Posts tagged ‘Outlander’

May 22, 2020

Year of the Plague in 2020 a far from average year – self-isolation diary Week 9

And here we are again. Week 9. Doesn’t seem too unlike week 8 although each week does have subtle and sometimes not so subtle variations mixed in. It struck me I don’t really say much or, indeed anything, about what I actually do through a week – and that’s not about to change. I’m not one of those let it all hang out types but here’s what I am prepared to tell you.

It won’t surprise you to know I’m still mouthing off at the politics of the Covid-19 pandemic. Machiavelli will be spinning in his grave at the sheer audacity of the lies being dished up daily by government which we are expected to take at face value. My main source of information about coronavirus is the Financial Times which has been unerringly informed and informative on the virus.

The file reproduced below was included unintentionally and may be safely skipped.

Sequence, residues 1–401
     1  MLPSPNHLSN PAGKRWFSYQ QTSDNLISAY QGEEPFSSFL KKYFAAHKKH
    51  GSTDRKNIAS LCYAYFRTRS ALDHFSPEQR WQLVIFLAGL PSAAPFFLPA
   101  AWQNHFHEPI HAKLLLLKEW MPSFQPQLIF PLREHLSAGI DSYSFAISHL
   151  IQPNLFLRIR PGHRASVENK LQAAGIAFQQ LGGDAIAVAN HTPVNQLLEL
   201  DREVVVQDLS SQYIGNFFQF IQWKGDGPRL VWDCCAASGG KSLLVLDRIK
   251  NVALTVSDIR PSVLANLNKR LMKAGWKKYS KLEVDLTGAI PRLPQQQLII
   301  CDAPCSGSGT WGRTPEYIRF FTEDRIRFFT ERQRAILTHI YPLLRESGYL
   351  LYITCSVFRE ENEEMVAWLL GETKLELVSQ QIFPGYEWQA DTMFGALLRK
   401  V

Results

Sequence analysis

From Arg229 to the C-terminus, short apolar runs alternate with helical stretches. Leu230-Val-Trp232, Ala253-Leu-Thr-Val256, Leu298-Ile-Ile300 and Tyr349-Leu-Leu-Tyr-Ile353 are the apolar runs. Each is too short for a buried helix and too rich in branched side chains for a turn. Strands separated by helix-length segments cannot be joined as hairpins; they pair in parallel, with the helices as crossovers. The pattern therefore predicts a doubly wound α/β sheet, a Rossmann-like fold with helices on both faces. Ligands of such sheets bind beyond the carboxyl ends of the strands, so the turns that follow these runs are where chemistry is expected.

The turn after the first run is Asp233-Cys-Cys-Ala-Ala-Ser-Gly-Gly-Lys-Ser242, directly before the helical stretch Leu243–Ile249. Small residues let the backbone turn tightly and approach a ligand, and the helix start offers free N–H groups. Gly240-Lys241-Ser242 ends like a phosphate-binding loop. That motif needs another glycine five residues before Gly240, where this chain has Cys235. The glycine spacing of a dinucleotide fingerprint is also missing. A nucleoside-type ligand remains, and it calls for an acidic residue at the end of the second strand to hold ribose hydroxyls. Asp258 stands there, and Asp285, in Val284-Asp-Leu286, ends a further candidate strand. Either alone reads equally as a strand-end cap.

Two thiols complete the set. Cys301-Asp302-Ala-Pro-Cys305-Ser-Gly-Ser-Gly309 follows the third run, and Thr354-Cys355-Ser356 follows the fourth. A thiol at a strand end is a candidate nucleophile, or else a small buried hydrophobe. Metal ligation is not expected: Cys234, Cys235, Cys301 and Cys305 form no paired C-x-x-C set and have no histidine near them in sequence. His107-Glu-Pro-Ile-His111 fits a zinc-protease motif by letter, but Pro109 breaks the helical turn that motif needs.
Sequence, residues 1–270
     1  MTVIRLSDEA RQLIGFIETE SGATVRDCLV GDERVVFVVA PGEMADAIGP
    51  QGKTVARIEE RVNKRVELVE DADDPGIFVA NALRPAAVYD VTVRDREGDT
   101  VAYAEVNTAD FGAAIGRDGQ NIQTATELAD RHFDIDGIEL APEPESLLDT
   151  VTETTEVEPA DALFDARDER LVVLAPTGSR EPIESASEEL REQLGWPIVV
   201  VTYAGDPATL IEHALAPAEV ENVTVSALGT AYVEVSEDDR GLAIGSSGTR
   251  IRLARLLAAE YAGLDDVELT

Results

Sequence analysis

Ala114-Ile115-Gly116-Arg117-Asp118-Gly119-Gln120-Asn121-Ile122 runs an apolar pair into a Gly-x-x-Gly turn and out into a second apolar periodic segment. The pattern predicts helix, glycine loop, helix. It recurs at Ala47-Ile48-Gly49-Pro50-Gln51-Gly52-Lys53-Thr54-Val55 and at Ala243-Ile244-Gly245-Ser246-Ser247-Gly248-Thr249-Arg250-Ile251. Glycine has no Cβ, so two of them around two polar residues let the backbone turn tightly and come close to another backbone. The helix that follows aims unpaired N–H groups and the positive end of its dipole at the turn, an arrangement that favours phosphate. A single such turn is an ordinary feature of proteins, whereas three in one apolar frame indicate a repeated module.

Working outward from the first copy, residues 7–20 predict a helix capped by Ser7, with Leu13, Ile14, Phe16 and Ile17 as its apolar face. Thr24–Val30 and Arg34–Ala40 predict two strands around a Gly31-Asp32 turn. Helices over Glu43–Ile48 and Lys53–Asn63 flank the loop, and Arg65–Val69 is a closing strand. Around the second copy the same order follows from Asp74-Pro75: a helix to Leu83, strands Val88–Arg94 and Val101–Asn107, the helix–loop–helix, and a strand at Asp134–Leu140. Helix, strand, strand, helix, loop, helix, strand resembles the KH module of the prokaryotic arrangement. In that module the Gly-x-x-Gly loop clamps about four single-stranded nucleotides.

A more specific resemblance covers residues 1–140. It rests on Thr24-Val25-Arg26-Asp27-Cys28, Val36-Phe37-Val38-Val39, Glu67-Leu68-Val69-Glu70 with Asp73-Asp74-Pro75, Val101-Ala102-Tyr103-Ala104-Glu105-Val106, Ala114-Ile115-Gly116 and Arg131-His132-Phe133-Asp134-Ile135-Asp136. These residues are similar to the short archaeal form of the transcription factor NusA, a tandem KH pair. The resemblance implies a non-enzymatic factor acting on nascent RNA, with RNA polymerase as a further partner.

No 10 has been spinning like the proverbial top. Matt Hancock is as useless as he looks. No you haven’t ever reached 100,000 tests on any single day – my ref is the FT. And Boris Johnson is now in full Trumpian flow promising even more. It is quite, quite extraordinary that anyone retains any regard for Johnson. He is evidently a lazy, rather stupid man who hides behind other people – occasionally popping up for a photo opportunity such as hypocritically clapping NHS staff and carers and making ridiculous inflated promises.

starlings at nest

Another family birthday this week. Mainly virtual but virtual can be good fun. We’re fairly getting into this singing online lark. Presents were actual and delivered as promised by the Aberdeen shop entrusted to do so.